Some people are hard to love, aren't they? As soon as you read that sentence, you probably brought somebody to mind--somebody who has mistreated you, ignored you, used you, betrayed you, or hurt you. Maybe this person is even in the circle of people that you call friends and family--those people who are closest to you. This makes the damage even worse, because they are supposed to treat you well, and yet they don't. Perhaps, despite your best efforts, despite your peace offerings, despite yourself-sacrifice, they continue to be selfish. They continue to not only disrespect you, but they treat others terribly. Yes, these people are hard to love.
But loving someone isn't a feeling that happens to you. Love is a choice. Being IN LOVE certainly is a feeling--a powerful one that you feel for somebody who's easy to love. We usually think of being in love as a romantic feeling, but I think you can feel that same kind of strong love for people besides your significant other. For example, you can be in love with your own kids or grandkids--so overwhelmed with love that you see their beauty and perfection all the time. But as beautiful as being in love is, it's different than choosing to love someone who's hard to love.
I want to suggest that when you choose to love someone who's hard to love, you're loving the way God loves. That's agape, or unconditional love. In his Bible paraphrase, "The Message," Eugene Peterson renders Jesus' words in Luke 6:32-38a as:
If you only love the lovable, do you expect a pat on the back? Run-of-the-mill sinners do that. If you only help those who help you, do you expect a medal? Garden-variety sinners do that. If you only give for what you hope to get out of it, do you think that's charity? The stingiest of pawnbrokers does that. "I tell you, love your enemies. Help and give without expecting a return. You'll never - I promise - regret it. Live out this God-created identity the way our Father lives toward us, generously and graciously, even when we're at our worst. Our Father is kind; you be kind. "Don't pick on people, jump on their failures, criticize their faults - unless, of course, you want the same treatment. Don't condemn those who are down; that hardness can boomerang. Be easy on people; you'll find life a lot easier. Give away your life; you'll find life given back, but not merely given back - given back with bonus and blessing.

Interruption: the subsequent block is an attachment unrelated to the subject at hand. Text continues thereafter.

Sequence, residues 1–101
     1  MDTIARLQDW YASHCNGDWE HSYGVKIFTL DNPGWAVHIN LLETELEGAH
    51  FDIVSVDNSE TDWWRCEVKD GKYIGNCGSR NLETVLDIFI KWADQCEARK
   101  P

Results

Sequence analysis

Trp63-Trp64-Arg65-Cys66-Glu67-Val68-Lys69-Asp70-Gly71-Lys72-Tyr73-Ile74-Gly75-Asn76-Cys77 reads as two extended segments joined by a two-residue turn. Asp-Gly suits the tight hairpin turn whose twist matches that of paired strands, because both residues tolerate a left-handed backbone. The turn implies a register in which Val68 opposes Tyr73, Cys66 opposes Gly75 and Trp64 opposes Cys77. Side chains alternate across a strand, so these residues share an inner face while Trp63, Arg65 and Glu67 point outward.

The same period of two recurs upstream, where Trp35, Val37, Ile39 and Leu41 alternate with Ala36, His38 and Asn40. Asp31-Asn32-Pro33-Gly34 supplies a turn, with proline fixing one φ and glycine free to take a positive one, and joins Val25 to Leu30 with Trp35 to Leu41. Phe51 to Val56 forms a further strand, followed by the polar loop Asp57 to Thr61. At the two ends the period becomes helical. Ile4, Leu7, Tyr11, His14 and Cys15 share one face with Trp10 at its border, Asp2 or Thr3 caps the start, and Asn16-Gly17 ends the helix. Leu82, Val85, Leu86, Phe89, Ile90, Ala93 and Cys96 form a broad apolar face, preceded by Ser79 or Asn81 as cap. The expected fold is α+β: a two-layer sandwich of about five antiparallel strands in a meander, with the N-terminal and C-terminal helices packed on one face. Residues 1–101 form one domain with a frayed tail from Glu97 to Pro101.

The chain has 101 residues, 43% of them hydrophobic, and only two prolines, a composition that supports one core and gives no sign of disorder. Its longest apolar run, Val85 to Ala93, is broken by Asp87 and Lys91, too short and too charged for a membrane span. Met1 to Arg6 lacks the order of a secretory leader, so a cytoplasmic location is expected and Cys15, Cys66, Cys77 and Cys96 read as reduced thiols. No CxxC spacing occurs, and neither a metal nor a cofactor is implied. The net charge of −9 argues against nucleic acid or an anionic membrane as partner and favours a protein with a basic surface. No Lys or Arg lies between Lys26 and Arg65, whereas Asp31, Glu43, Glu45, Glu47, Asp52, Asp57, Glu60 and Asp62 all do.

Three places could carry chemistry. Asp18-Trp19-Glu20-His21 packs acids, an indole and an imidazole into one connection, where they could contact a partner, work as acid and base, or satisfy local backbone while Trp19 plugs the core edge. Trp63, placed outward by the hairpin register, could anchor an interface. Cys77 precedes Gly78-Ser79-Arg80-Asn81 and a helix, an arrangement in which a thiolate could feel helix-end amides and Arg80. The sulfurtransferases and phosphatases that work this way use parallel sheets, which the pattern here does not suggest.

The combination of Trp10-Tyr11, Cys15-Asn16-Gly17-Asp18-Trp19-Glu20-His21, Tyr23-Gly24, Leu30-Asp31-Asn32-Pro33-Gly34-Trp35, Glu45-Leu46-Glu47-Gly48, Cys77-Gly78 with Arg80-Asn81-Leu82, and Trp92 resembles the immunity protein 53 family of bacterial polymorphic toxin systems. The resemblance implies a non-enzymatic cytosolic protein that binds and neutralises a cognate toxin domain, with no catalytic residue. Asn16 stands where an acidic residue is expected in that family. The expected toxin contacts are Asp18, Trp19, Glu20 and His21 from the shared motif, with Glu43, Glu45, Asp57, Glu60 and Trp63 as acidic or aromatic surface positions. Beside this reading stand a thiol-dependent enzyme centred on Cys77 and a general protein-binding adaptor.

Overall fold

With the words of Jesus, I want to encourage you to choose to love people who are hard to love. Those people for whom your love doesn't naturally flow. Those are likely people who are different from you are. Or people with whom you have a bad history. Or people who have offended you or hurt you or treated you as irrelevant in their own lives. Choose the way of agape, the way of unconditional love.
I leave you with the words of a poem that is probably falsely attributed to Mother Theresa. Even though, I doubt that she wrote them, they are good words, anyway.
People are unreasonable, illogical, and self-centered.
Love them anyway.
If you are kind, people may accuse you of selfish ulterior motives.
Be kind anyway.
If you are successful, you will win some false friends and true enemies.
The good you do today will be forgotten tomorrow.
Be good anyway.
Honesty and frankness will make you vulnerable.
Be honest and frank anyway.
What you spend years building may be destroyed overnight.
People need help but will attack you if you help them.
Help them anyway.
In the final analysis, it is between you and God.
It was never between you and them anyway.